If there’s anything to be learned from the downfall of Motown, the former jewel of American free enterprise, it’s that we need more unfettered government interference in our nation and its cities, right?

Or not! But this is what we’re hearing now – it’s the market’s fault. Clearly though, that’s just an excuse. Something else must be going on here, because somehow – absent any kind of government coercion, regulation, redistribution, or health-care program – Detroit came to be in the first place.

Absent government control, the automobile industry sprang forth. Absent government regulation, the city developed. Absent government health-care programs, many people came to have health-care.

The community thrived for one reason – productivity! It built a product with a balance of features that most people wanted and constrained by a price that most people could afford. The industry built the product efficiently – by reducing costs, in a manner that provided both benefits and profit; profit – the price of productivity.

People of all races, creeds and colors benefited from the resulting prosperity. Prosperity – remember that? Prosperity came with the opportunity of employment.  “A rising tide lifts all boats.”

While prosperity did not solve all social problems, nothing ever has and nothing ever will produce utopia. Prosperity did not exist there before, and, despite all attempts, cannot be legislated into existence since. For a while though, it provided a great standard-of-living for many more than would have had one otherwise.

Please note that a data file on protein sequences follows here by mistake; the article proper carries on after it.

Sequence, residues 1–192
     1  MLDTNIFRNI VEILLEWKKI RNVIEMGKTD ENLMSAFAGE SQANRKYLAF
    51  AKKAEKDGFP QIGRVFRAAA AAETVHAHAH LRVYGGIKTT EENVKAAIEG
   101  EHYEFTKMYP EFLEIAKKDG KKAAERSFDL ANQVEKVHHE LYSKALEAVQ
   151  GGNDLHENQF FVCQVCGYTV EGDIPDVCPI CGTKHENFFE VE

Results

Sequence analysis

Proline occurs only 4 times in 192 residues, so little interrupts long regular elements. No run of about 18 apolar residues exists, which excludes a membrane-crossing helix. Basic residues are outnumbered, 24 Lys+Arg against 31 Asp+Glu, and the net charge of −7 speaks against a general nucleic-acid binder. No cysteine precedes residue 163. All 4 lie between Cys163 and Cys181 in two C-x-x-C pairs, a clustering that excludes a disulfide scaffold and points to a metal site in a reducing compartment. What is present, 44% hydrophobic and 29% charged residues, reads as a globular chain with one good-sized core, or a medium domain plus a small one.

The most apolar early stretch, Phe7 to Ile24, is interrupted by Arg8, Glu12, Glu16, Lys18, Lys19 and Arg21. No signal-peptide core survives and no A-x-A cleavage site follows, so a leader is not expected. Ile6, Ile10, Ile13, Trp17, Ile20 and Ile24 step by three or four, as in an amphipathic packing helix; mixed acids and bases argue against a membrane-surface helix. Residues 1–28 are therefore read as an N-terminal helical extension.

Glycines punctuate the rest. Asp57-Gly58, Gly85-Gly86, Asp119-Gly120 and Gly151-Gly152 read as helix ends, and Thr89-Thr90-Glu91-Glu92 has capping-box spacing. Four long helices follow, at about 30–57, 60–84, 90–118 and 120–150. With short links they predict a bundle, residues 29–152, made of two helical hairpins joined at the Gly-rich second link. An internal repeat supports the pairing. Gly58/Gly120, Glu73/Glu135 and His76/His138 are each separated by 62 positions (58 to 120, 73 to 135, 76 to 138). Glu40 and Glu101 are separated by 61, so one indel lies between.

After a time, success began to be taken for granted, to be preyed upon, to be ruled and regulated. Government and public-sector unions fed off it.

Government is the ultimate monopoly.

Without competition, there are few constraints on cost or quality; there is little reason to be productive.  Government and unions priced themselves out of the market.

Every regulation, large or small, carries a hidden cost. Politicians tend to pander with benefits and to ignore their costs.  Regulation begets regulation. We end up with a highly-regulated state that most can’t afford to live in, and that few want to live in. Industry is bound-up like Gulliver, tied-down with Lilliputian regulation.

We used to laugh at the Soviets for doing this sort of thing.

Motown went from producing cars to producing government, so people left. It’s really as simple as that.

People cannot print money or raise taxes to make ends meet. If we can’t work, we can’t pay. If we can’t earn enough, we go broke. There might not have been a single straw to break the camel’s back, but there was a tipping point.

And now, even the City faces these limits. As the good professor Glenn Reynolds often says, “Something that can’t go on forever, won’t.”

Why then, with all our brilliant politicians, do we only see this in the rear-view mirror? You who are so averse to all things Conservative might want to take note.